Q: I’ve heard there is a new £1,000 property allowance that applies to property income, can I claim it?
A: From 6 April 2017, you can get a tax-free allowance for property income. The property allowance is a tax exemption of up to £1,000 a year for individuals with income from land or property. If your annual gross property income is more than £1,000 you can use this property allowance instead of deducting any actual expenses incurred. If you own a property jointly with others, you’re each eligible for the £1,000 allowance against your share of the gross rental income. If your annual gross property income is £1,000 or less, you won’t need to tell HMRC. There is more about the allowance and who can use it here: Tax free allowances on property and trading income and at UKPN3 of the SA105 notes: UK property notes.
Q: My income is below £1,000 and falls under the category of the property income allowance, however, I have losses brought forward but I cannot seem to use the losses on my tax return. How can I keep the losses going forward, or do I have to lose them?
A: If a landlord has relevant property income below £1,000 then the relievable receipts and the associated expenses of the property business for the tax year are not brought into account. They will get full relief and won’t need to report the rental income to HMRC. In this situation, there would be no rental profit to offset the brought forward losses against. Note, the property allowance cannot create a loss. Any unused, brought forward losses will be carried forward and set off against future rental profits, as and when they arise. You can find more guidance here: Property allowance .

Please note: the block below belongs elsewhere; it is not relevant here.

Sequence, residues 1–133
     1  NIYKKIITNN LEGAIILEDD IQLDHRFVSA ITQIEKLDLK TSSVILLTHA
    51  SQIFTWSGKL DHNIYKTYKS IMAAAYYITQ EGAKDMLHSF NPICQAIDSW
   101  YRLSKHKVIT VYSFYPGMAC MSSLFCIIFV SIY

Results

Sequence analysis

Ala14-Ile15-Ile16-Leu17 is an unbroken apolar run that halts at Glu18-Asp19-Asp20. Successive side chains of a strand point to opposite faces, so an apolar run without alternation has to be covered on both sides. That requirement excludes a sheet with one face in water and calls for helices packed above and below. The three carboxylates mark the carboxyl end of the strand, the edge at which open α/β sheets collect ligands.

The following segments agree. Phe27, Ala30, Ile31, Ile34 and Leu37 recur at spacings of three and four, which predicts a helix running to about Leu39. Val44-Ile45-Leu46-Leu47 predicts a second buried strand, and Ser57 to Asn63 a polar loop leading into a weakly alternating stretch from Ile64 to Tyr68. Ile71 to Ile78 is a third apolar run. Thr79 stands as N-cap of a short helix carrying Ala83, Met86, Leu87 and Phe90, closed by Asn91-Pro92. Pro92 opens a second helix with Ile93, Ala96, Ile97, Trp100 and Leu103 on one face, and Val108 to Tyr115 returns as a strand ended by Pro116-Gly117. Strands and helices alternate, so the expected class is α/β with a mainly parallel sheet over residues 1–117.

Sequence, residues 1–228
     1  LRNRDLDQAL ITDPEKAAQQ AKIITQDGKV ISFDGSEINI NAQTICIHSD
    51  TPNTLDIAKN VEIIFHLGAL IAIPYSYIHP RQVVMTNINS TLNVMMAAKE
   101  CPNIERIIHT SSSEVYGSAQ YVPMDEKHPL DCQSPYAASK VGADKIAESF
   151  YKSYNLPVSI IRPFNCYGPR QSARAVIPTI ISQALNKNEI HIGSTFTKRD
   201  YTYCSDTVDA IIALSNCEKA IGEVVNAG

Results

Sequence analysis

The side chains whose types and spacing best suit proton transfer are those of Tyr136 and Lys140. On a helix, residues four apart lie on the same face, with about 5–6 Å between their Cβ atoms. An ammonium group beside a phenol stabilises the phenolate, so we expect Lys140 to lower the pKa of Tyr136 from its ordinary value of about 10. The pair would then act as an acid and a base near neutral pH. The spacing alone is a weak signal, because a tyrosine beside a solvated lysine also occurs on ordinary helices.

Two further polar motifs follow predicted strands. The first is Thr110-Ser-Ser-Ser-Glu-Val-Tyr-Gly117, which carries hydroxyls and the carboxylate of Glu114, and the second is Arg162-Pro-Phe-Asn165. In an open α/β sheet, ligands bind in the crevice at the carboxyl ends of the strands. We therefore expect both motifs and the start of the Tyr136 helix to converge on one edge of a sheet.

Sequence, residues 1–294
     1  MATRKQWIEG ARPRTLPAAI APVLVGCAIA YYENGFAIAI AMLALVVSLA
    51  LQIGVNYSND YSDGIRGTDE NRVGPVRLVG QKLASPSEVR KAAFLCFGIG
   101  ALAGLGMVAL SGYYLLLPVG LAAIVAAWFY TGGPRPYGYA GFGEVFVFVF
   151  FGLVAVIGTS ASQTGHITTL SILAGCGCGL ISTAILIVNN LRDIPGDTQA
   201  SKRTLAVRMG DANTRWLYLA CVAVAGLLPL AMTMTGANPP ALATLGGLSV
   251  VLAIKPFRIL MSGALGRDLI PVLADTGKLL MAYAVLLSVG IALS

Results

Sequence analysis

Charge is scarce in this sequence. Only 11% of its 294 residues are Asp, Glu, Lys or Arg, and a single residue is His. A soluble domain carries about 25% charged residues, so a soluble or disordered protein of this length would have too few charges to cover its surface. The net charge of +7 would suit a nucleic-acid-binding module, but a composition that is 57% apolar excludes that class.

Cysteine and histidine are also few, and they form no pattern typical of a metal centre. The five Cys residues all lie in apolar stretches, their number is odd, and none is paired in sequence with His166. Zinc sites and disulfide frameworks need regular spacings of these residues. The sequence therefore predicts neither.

Q: My husband and I jointly own a property, how does the £1,000 property allowance work in our case?
A: If you own a property jointly with others, you’re each eligible for the £1,000 allowance against your share of the gross rental income. Use the link for more guidance: Property allowance .
Q: I have a let property in the UK and one in Spain as well; do I get the £1,000 property allowance against each of them?
A: If a landlord has more than one property business, for example a UK and an overseas business, only a single £1,000 allowance is available. The £1,000 can be allocated between the different businesses based on the landlord’s preference. You can find more guidance here: Property income manual 4438.
Q: Are there any expenses I can claim if I am using the £1,000 property allowance?
A: When you claim the property allowance, you cannot deduct any expenses when calculating the profits for the tax year. This includes any restricted finance costs and the basic rate tax reducer. Remember, use of the property allowance is optional; it may not suit an individual’s circumstances, for example if a property business is loss making, the property allowance itself cannot create a loss. Please refer to page 1 of the SA105 notes:UK property notes.
Q: Is there a box on the tax return for me to claim the £1,000 property allowance?
A: From 6th April 2017, if your income from property, including any foreign property, is £1,000 or less, it is exempt from tax and doesn’t need to be reported on a tax return. If your property income exceeds £1,000 and you are claiming the property income allowance you must enter your total rental income in the relevant section of the return. There is an additional box for you to subtract the property allowance from the appropriate rental receipts. Remember, it cannot exceed £1,000 or create a loss. There is further information on the SA105 notes: UK property notes.
Q: I have a lodger in my own house but also rent out another property, can I claim both rent a room relief and the property allowance?
A: The first point to note is rent a room receipts do not qualify for the property allowance. If your rent a room receipts are less than the £7,500 rent a room exemption limit, they will be exempt from income tax. However, the property allowance can apply to the receipts from your other property income, even if you are claiming rent a room relief against the income from your lodger. You can find more guidance here: Property allowance .